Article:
The LinkedIn Events feature has been around for a while, but for some of us (including me, actually), it’s somehow managed to slip under the mainstream radar. When it comes to professional event management and planning, I tend to stick with online services like Plancast for deciding which popular conferences or gatherings I’d like to attend.
With the new changes being added to LinkedIn Events today, however, I might just have to make a switch. After taking some serious feedback from some of its most active members, LinkedIn has managed to iterate on top of LinkedIn Events to bring its consumers more of what they would actually use the feature for.
So. Much. Tech.
Some of the biggest names in tech are coming to TNW Conference in Amsterdam this May.
Straight from the social networking site for professionals comes this announcement:
“LinkedIn Events has had a serious overhaul. For starters, we’ve made it easier than ever to find the right events to attend. And, more importantly, we’re adding a healthy dose of LinkedIn’s secret sauce – an easy way to find and connect with the right folks attending those events.”
The new updates promise to help LinkedIn users find events faster in order to meet relevant professionals more easily, host events with ease while managing attendees, and receive personalized recommendations on which events to attend as well as which attendees the user might be interested in meeting. For full details, read on.
Personalized Event Recommendations
The whole process of event planning, management and attendance through LinkedIn has been redesigned with user convenience in mind. Your Events Home, for example, now provides an “ever-evolving set of event recommendations based on your location, industry, network, and more.”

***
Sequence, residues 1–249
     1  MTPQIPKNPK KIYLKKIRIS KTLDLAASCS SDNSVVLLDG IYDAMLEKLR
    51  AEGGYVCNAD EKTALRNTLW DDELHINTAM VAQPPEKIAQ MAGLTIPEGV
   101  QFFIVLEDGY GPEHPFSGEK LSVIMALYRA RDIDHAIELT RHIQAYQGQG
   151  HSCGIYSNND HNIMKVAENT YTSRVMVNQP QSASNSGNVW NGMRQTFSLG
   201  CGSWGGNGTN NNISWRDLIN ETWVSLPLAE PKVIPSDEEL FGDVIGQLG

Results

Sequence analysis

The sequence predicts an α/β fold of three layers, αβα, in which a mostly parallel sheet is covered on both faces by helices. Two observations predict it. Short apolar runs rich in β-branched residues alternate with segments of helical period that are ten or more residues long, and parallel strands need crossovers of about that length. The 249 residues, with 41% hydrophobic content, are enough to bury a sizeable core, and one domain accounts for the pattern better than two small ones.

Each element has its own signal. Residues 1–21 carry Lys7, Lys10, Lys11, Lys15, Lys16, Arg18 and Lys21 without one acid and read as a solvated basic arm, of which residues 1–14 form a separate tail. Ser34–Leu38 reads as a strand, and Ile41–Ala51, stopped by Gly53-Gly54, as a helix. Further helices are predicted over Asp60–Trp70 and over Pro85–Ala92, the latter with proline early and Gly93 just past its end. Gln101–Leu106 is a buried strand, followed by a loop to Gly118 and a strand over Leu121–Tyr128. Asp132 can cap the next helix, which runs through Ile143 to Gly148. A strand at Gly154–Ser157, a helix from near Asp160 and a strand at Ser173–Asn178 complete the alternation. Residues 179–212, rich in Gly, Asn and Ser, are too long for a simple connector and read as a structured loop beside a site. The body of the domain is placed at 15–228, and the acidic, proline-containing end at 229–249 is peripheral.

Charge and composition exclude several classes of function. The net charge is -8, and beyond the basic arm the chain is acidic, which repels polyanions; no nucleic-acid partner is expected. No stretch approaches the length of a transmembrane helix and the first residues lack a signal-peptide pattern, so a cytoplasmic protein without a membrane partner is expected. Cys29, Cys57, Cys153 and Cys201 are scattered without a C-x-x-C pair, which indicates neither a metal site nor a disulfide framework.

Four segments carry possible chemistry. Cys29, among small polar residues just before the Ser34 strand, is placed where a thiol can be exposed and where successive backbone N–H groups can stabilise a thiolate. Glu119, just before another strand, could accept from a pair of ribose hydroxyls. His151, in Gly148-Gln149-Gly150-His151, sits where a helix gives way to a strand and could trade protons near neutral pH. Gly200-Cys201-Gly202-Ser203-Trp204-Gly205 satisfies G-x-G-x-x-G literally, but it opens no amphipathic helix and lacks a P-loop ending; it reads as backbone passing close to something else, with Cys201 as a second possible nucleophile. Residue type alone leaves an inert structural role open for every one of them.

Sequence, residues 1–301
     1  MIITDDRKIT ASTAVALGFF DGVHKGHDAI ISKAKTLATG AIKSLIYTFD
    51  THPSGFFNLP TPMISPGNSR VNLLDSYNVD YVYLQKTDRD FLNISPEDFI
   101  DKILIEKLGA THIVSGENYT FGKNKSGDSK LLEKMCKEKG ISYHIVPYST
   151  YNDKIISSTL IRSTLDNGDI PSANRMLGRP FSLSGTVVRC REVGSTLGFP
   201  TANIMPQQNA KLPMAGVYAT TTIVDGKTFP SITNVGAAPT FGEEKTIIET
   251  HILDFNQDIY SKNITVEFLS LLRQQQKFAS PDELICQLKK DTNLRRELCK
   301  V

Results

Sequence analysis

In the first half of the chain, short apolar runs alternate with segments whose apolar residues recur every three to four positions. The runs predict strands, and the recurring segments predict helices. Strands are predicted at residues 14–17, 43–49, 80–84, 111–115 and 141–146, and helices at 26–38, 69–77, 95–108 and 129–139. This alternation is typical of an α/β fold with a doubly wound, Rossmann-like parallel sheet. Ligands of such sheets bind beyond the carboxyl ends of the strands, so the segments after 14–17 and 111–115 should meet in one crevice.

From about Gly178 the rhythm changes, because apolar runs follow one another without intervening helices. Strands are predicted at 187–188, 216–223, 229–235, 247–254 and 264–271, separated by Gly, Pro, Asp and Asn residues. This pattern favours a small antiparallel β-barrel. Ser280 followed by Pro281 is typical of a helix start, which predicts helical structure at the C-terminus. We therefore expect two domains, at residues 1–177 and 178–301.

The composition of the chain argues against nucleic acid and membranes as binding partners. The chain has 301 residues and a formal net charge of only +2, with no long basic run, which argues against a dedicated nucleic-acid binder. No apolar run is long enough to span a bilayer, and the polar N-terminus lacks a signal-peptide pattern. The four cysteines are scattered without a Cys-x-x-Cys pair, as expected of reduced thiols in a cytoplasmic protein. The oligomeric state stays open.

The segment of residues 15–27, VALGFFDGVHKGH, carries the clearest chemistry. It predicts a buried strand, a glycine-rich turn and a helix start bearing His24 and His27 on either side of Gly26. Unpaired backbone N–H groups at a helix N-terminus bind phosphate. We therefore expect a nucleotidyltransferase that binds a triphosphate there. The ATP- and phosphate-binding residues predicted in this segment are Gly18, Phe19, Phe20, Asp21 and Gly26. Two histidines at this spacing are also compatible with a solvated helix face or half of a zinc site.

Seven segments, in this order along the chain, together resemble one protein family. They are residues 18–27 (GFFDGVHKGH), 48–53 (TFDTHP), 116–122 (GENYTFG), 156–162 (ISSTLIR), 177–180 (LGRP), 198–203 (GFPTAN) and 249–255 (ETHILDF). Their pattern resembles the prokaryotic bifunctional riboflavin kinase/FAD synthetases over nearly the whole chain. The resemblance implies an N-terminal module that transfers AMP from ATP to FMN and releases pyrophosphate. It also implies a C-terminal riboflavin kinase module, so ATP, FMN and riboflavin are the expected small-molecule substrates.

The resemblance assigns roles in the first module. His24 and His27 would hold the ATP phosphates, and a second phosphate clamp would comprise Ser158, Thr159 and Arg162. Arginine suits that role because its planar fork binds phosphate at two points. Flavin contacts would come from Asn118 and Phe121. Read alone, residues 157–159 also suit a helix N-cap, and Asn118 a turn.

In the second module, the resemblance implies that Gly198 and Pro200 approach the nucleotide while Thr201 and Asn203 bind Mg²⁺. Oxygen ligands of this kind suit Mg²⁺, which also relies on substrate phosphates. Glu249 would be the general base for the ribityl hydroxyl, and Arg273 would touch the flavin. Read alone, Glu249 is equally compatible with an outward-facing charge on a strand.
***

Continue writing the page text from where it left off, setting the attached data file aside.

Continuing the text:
Along with being able to search for specific events with better-filtered controls (ie. industry, location and time), events will also begin appearing on your Network Update feed — though I’m not sure why this wasn’t implemented before, and might explain why events via LinkedIn may have managed to elude me and a few others in the past.
Meet the right people at events
For me, being active on LinkedIn has made it easier to make mutually beneficial connections with potential industry contacts. By that, I mean that as a media person, I’m often reached out to by PR reps or marketing managers either looking for distribution on their stories, or clarification on various social media strategies. Off of LinkedIn and while attending events, however, I’m not so sure who’s who — I can’t be expected to keep track of everyone, right?
A new feature on LinkedIn Events has made this process much easier. Now, after signing up to attend a particular event through the service, I’m presented with a list of attendees that I might want to meet. These attendees can be filtered by industry as well as company to make the sorting process easier.
By simply adding an event to your calendar, you can easily grab directions to the event’s location directly from the LinkedIn website and via Google Maps. You’ll also be able to share your plans with your connected network through other social channels like Twitter, Facebook, or even directly to your personal activity stream. There’s no word on whether Google+ will be incorporated into the service yet, but I assume this will come when Google+ provides better API support.
While I’m definitely excited to see more activity in LinkedIn Events, I’ve already been using my own personal favorite event management app on my smartphone. Bizzabo, for example, uses LinkedIn’s professional network to provide much of the same features and toolsets available above, but also includes the ability to “make offers” to other event attendees. In this way, you can stand out a bit more by setting up a limited-time deal or meeting-signup list of some kind to promote your presence at the event.
Regardless of whether I’m using Bizzabo, Plancast or LinkedIn Events, I doubt I’ll settle on just one tool — just like I won’t be using only Twitter, or only Facebook and Google+. Why use just one when I can use them all and cast my professional net even wider, right?
You tell me: What are some of your favorite professional event management tools? Have you been using LinkedIn Events, and if not, will you be using it more now that its features have received a major overhaul? Sound off in the comments below.